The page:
An environmentally friendly alternative to the traditional vending machine bottles its own drinks. Dave Wilson reports
Most people take the cold drinks they buy from vending machines for granted. But don’t include Adam Green, founder of The Green Drinks Company, among them.
Recognising the impact that transportation of bulky cans and bottles has on the environment before they are dispensed from conventional vending machines, he created a more environmentally friendly solution.
The results of his company’s development efforts is called Pouchlink, a machine based on the simple notion that if a drink could be packaged inside the vending machine – rather than hundreds of miles away in a factory and then transported before being dispensed – the carbon footprint of the system would be reduced by around 75 per cent.
To make that concept a reality, the Pouchlink vending machine operates much like a mini drink-bottling factory – it takes fruit-juice concentrate, mixes it with freshly filtered and chilled water from the mains and then dispenses it into a re-sealable pouch.
The pouch itself can be made to hold a range of drink sizes and uses a gusset structure that opens up when filled to form a bottle-shaped package. Retaining its shape until the consumer has finished with it and being fully resealable, the package can easily fit into car cup holders to provide all the convenience of a PET bottle.
One of the most innovative aspects of the new system is the way in which the empty pouches have been packaged. Since they are flat packed, they take up very little space inside the machine and hence increase the storage capacity. More innovative yet is the use of a bespoke mechanical plastic hook and pin arrangement that connects all the spouts of the packages together on the drum, in the same way that cartridges are linked together in a machine-gun belt.
The innovative Pouchlink vending system operates much like a mini drink-bottling system
’The result of using a hook and pin attached to the top of the pouches means that one pouch can be moved towards the filling station inside the machine while the bag following is carried along behind it, ready to be filled when necessary, obviating the need for expensive sensors to track the pouches as they move through the machine,’ explained Green.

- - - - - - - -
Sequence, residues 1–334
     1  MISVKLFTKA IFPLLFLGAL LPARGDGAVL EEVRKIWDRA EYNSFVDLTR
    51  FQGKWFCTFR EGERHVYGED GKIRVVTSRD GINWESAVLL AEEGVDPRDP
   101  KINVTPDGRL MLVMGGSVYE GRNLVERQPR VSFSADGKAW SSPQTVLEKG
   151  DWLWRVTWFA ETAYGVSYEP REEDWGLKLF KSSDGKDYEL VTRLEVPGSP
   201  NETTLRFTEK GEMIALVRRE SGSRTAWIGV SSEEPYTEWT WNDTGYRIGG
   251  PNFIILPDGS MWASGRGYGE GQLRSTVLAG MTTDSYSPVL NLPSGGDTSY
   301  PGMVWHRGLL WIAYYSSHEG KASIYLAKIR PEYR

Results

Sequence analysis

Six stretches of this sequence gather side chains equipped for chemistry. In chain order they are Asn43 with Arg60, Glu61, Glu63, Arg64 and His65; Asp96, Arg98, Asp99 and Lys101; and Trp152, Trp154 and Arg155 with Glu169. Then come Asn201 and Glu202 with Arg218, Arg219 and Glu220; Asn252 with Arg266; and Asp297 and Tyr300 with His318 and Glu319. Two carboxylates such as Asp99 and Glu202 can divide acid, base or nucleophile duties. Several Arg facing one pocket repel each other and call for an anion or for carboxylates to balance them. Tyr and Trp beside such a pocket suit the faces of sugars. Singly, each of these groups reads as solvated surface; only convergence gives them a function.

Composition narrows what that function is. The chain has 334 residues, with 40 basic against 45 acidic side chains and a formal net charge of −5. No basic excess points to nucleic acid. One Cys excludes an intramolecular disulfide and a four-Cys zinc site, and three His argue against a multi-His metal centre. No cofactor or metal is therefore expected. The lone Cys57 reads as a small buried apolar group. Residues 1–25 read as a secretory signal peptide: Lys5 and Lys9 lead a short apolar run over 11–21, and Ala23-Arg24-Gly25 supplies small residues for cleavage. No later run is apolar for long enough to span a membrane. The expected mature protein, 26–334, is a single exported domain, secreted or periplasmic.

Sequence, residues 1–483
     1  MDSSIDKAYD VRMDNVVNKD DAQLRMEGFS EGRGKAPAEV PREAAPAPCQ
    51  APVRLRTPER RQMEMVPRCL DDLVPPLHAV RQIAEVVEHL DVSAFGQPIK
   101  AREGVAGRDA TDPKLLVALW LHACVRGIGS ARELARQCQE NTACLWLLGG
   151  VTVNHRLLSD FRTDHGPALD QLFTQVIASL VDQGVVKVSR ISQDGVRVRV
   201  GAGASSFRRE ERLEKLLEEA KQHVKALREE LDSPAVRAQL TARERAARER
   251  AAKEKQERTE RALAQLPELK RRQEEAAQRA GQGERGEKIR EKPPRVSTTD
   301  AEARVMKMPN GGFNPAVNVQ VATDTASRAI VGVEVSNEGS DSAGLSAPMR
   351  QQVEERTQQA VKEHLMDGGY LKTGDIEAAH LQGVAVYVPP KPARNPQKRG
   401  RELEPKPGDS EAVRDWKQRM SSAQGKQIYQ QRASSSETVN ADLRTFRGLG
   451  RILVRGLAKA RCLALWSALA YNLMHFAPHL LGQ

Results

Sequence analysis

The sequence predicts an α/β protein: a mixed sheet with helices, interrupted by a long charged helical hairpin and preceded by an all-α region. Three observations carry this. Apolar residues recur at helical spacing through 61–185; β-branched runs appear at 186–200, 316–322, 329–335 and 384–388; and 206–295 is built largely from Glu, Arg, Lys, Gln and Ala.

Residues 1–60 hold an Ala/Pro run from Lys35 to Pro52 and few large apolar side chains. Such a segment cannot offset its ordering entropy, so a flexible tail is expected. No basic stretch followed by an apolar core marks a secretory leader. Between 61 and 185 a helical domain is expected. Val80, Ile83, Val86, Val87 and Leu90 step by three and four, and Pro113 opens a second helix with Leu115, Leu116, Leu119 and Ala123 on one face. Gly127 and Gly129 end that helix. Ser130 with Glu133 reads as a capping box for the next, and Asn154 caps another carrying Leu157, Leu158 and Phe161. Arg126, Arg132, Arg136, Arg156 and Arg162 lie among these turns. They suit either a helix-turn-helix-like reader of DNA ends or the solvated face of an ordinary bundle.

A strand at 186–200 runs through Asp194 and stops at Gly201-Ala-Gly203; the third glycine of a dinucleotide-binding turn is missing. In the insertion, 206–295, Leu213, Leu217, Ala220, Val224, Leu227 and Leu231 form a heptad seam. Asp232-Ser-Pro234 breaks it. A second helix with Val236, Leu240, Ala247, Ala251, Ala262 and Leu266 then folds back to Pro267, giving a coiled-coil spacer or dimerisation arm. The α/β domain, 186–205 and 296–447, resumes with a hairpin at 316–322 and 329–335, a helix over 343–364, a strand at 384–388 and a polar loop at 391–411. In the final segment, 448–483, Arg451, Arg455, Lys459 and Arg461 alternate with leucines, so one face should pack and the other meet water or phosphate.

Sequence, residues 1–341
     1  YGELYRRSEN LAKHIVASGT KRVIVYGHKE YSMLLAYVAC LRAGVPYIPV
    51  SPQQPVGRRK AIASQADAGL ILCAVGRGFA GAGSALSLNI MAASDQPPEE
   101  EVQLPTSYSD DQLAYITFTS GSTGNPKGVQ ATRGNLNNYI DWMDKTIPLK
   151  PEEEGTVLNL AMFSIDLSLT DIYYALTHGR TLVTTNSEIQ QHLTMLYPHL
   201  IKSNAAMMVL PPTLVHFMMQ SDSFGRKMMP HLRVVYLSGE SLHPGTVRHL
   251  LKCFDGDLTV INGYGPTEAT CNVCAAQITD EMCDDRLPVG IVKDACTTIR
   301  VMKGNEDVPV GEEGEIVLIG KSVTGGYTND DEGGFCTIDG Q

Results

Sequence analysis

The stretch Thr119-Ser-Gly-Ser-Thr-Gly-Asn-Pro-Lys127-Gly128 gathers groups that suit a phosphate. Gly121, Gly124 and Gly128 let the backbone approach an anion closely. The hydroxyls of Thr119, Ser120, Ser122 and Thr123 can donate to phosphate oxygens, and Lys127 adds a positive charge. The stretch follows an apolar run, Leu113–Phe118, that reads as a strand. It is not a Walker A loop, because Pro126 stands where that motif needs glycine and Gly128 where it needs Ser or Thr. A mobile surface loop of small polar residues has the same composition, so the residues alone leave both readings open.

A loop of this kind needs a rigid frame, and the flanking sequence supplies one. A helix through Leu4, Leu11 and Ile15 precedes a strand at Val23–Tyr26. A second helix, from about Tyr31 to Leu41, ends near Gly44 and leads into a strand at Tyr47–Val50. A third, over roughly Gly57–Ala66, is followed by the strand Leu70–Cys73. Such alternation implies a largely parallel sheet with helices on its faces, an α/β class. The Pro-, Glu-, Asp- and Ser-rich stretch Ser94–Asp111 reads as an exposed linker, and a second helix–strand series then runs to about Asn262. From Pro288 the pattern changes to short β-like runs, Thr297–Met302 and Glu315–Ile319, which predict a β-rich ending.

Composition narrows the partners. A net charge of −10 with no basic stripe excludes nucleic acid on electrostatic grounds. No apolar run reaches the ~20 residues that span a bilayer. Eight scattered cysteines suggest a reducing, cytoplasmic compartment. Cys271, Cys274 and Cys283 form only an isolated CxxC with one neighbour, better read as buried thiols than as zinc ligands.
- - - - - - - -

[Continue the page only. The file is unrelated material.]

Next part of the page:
Once a drink has been selected by a user, a pouch is detached from the spool, after which it is moved to a filling station where the cap on the pouch is removed. The selected pouch is then filled with a drink prepared from chilled mains filtered water and concentrate before it is resealed and dispensed from the machine through a serving chute.
The new machine is claimed to be the first of its kind that is capable of delivering unpreserved cold aseptically filled product. However, during its development phase, Green quickly realised that he would need to develop a means to eliminate all possibilities that the juice concentrate might be contaminated from microbes in the environment.
To do so, the company used what is known as ’bag-in-box packing’ – the boxes loaded into the machine contain bags of fruit-juice concentrate that is used in conjunction with the filtered water to make a drink. As simple as it sounds, there was the added challenge of extracting the juice from the bag in the box without allowing any contaminant to return to the bag.
The solution was the development of a bespoke mixing system that comprises a one-way valve whose spindles sit inside a manifold into which filtered water is pumped. When a drink is requested, water starts to flow through the manifold and only then is concentrate pumped through the valve spindles, allowing the water to flow directly over them.